Now, how can you pass more power in CCM than in DCM? Actually, for a given design at a fixed switching frequency with a given transformer, you will pass more power in DCM than in CCM. The general power formula for a flyback converter is: \$P_{out}=0.5\times L_p\times (I_p^2-I_v^2)\times F_{sw}\$. For a given maximum peak current set by the controller, you see that if the converter enters DCM at a high voltage input, the term \$I_v\$, the valley current, no longer subtracts from the peak value and you transmit more power. This is the over-power phenomenon I described in my series of articles. For the QR controller you mentioned, it is possible to increase the delivered power by turning the variable-frequency QR controller into a frequency-controlled converter and increase the switching frequency without exceeding the maximum peak current set by the controller: when the switching frequency is too low or when the feedback voltage exceeds a threshold, you decide to quit QR operation and no longer wait for the core total demagnetization to impose new cycles of smaller periods. In the above formula, if the frequency increases, then the converter operates in CCM with a low valley current and you can safely increase the delivered power. But you suffer higher switching losses and lose valley-switching operation. If this is temporary as for an in-rush demand, not a big deal and quite convenient as you do not need to thermally-size the entire converter for a 2x power since it does not last.

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  • \$\begingroup\$ Upvote on good techy details but, can you underline for me that a flyback design in DCM will always outpower one operating in CCM when we are talking about continuous power delivery? I am yet to see a case that concludes CCM is the best in continuous power for a given core size and core saturation i.e. the numbers never appear to stack up in favour of CCM. \$\endgroup\$ – Andy aka Feb 14 at 14:33
  • \$\begingroup\$ @Verbal Kint, during DCM mode with fixed frequency, Ivalley will always equal to zero for ZVS switching, and due to that, DCM should have more transmit power. For above QR, Ivalley will not equal to zero due to CCM mode but Ipeak will still remains the same. At this stage, by increasing the switching frequency the transmit power can be increased with original peak current. Correct? \$\endgroup\$ – Lutz Fi Feb 14 at 14:56
  • \$\begingroup\$ What I said regarding power is the following: assume you have a fixed-frequency design delivering 100 W at low line and you operate close to the max authorized peak current. Now increase the input voltage and you'll see a reduction of the valley current: this is normal, the duty ratio reduces and there is more time to demagnetize. As the valley current reduces (the peak is constant) and the converter approaches DCM, you transmit more power cycle by cycle. With this QR example, you have to increase \$F_{sw}\$ to transmit more power in CCM. \$\endgroup\$ – Verbal Kint Feb 14 at 15:38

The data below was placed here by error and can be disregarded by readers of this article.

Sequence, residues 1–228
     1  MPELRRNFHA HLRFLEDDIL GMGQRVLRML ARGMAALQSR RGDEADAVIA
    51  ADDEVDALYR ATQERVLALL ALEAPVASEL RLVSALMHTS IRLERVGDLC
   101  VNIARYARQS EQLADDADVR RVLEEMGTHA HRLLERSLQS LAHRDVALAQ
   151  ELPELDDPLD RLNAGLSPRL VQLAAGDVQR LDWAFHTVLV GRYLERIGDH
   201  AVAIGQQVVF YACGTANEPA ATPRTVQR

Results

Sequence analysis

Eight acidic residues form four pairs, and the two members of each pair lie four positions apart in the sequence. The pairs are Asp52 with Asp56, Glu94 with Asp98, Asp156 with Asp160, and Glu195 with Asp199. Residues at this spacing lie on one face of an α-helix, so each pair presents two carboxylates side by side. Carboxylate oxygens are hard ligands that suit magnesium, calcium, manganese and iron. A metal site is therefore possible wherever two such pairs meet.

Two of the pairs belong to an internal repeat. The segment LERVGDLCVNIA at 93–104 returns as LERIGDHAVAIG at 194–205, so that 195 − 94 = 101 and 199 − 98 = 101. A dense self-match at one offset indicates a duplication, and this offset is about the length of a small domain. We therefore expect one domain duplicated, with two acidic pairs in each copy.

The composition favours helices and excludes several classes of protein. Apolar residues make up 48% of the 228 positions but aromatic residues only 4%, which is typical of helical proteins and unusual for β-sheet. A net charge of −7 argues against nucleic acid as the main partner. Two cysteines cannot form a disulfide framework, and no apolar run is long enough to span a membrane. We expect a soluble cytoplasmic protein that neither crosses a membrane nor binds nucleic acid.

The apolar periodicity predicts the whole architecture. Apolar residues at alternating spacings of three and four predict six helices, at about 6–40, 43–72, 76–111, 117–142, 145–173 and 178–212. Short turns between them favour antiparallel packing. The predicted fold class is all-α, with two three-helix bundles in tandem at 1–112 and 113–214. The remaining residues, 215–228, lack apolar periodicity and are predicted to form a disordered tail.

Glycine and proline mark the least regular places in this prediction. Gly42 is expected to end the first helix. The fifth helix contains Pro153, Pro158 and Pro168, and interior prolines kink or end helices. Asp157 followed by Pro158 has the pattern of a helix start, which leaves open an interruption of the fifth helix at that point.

• \$\begingroup\$ @Verbal Kint, thank you so much for your explaination. Now I'm more clear about that! \$\endgroup\$ – Lutz Fi Feb 15 at 9:55
  • \$\begingroup\$ With pleasure! One of my paper covers QR operation and shows how peak current and frequency evolve with operating conditions. Worth reading if you want to design QR converters. Good luck! \$\endgroup\$ – Verbal Kint Feb 15 at 10:03
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A typical flyback design

enter image description here

From my understanding, if we go above the primary peak power, the transformer will saturate. How this CCM mode overcome that?

It's better to talk about reaching a peak in primary current rather than a peak in primary power because it's an excess of current that creates core saturation.

So, if you define \$I_{MAX}\$ as the maximum allowable current to avoid excessive core saturation then, the maximum energy you can extract from that primary is when the secondary current has fallen from maximum to zero amps i.e. all the magnetic energy is removed from the core. Below are a couple of example waveforms of primary and secondary current: -

enter image description here

The lighter load (red and green solid lines) is dispensed less energy per switching cycle and naturally, there is a "hold" in the latter part of that switching cycle. The full load scenario is represented by the dotted lines i.e. the "hold" period is zero and the peak current rises to \$I_{MAX}\$.

So, you can’t rise higher than the saturation point (\$I_{MAX}\$) and, you can’t deliver maximum energy in a single switching cycle unless secondary current (and flux) falls to zero. This is the boundary between CCM and DCM.

Based on that, does this means that this peak power can be achieve without changing the size of the transformer?

If the operating frequency and core are fixed then, this is the maximum power that can be achieved. However, if the switching frequency were (say) doubled, the flyback converter could run at higher power using CCM; the peak curent would still be \$I_{MAX}\$ and it would fall to \$I_{MAX}/2\$ before the next switching cycle began.

The energy dispensed each cycle would be only 75% of what it was when operating at the previous switching frequency but, the power dispensed would be 2 x 0.75 of what was previously shown. So, by doubling the switching frequency, the power throughput is 50% greater in CCM than in DCM at half the switching frequency.

But, if you can "run" at twice the switching frequency, then why not design the flyback transformer to run in DCM with lower primary inductance?

So, if you halved the primary turns you get: -

  • Primary inductance falling by 4.
  • Peak current can rise to \$2\cdot I_{MAX}\$ for the same core saturation levels.

The impact of these is that the energy stored in the first part of the switching cycle is now: -

$$W = \dfrac{1}{2}\dfrac{L}{4}\cdot [2\cdot I_{MAX}]^2 = \dfrac{1}{2} L\cdot I_{MAX}^2$$

And, this is exactly the same energy as was stored in the original DCM design when running at the original frequency but now, because the switching frequency has doubled, that energy is converted twice as often and, twice the power is dispensed into the secondary load.

If you refer back to what I wrote earlier for a CCM design operating at twice the switching frequency, the power improvement is only 1.5.